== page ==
There is value in losing everything, in being destitute in a world of plenty, in a world of things. When you have lost everything you struggled and sacrificed for all of your life, rather than a void to be filled, there is a crystalline strength in you to be accessed. You see clearly. You feel, untethered. You know truth, You fear nothing. Possibility is unlimited.
Nothing worse can happen to me. I have nothing left to lose. Nobody can hurt me more. That is very liberating, and sad. I tell no lies.
The agency of the United States Department of Homeland Security, called FEMA, is out-dated, and out of control. It needs to be investigated and held accountable for its actions and mistakes: re-thought, re-structured, re-designed. FEMA has become a pale shadow of its original intent, which was to coordinate response to a U.S. disaster that overwhelms local and state resources.
Present day FEMA runs rampant over people and circumstances, wrecking havoc on good and honest men, making a disastrous event into a human relations nightmare, an avenue to destitution and bankruptcy. FEMA treats people with callous disrespect, and gives them outrageous token assistance that is much more a hindrance to recovery than a help. People walk away from their homes, because they are being offered nothing: no help, assistance, options, no hope. People walk away from FEMA disrespected and bleeding. I watch broken peers walk into the surf, shoved out of shelters, with no place left to lie down, and I am diminished.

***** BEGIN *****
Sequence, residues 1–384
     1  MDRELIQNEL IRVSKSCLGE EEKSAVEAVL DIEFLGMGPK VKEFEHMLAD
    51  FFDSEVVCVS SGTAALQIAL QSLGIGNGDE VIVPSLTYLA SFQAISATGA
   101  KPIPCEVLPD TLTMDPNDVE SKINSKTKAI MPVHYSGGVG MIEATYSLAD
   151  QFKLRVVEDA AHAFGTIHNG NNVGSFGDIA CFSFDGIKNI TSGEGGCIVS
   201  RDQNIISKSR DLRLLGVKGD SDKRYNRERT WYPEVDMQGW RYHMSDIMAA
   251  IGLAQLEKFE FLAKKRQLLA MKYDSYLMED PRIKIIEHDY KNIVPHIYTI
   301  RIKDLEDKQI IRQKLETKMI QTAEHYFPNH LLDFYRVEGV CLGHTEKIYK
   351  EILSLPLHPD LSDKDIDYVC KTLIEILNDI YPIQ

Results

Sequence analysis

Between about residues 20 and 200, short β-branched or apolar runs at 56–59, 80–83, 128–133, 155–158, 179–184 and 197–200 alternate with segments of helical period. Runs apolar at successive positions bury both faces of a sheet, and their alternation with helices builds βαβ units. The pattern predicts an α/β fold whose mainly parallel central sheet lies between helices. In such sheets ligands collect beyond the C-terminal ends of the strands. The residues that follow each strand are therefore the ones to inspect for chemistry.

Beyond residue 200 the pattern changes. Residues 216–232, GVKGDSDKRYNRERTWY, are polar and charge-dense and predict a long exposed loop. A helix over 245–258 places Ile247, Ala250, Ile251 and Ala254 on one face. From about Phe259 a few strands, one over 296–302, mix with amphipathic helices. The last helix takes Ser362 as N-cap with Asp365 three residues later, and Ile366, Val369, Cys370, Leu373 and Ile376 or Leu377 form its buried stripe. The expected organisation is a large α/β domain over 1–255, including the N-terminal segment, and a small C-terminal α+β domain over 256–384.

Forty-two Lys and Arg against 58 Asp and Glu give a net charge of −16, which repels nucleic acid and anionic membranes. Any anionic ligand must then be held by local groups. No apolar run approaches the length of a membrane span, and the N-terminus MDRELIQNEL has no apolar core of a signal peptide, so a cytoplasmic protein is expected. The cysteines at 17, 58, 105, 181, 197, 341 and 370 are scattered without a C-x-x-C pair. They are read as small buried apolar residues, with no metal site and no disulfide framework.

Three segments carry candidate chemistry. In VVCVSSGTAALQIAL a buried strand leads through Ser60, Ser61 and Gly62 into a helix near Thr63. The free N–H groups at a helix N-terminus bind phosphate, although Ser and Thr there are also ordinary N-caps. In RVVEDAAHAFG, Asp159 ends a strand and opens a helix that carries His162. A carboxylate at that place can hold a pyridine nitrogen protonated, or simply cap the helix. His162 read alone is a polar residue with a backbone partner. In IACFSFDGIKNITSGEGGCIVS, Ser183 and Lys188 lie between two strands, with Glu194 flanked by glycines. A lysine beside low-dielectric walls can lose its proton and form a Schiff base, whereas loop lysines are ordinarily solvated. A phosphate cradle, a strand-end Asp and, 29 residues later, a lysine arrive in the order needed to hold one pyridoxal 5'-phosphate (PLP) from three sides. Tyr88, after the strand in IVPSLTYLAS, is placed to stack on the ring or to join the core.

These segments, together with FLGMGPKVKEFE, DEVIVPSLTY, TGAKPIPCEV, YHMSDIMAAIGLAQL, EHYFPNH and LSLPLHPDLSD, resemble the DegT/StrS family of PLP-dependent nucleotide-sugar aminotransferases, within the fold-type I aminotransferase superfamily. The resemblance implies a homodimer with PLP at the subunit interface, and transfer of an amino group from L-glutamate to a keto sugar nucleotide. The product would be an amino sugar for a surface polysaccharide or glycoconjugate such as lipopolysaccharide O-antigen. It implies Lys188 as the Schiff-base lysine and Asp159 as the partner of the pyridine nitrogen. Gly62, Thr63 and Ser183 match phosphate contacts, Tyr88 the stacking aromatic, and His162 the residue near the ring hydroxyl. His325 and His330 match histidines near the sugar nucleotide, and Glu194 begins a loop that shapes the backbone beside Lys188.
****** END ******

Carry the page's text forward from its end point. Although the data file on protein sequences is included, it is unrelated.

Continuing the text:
The problem is not the resources of FEMA or its limitations, it is the attitude, training, process, procedure and accepted outcomes. FEMA gives people only the ability to walk away from their homes, or paste together disorder and destruction, in the name of restoration: to become an unlivable sinkhole when FEMA is safely removed, working on its next disaster. FEMA is hindrance: negative help, professional bullies.
This is the country I love. I wish I could say something more positive about its effort to manage disastrous events. But, the only productive way to interact with FEMA is to point out their glaring failures, and hope that someone will respond with critical analysis and action. It is time to stop limping off alone, licking our wounds. We must stand up together and acknowledge how much damage FEMA does, for change to happen. There is momentum in truth, to action.
I am not afraid of FEMA. I lost everything. Then, FEMA destroyed all of the intangibles I had left. I join a crowd of survivors who have been hurt, not helped by FEMA. Perhaps we are irreparably hurt. Perhaps we can recover, despite FEMA.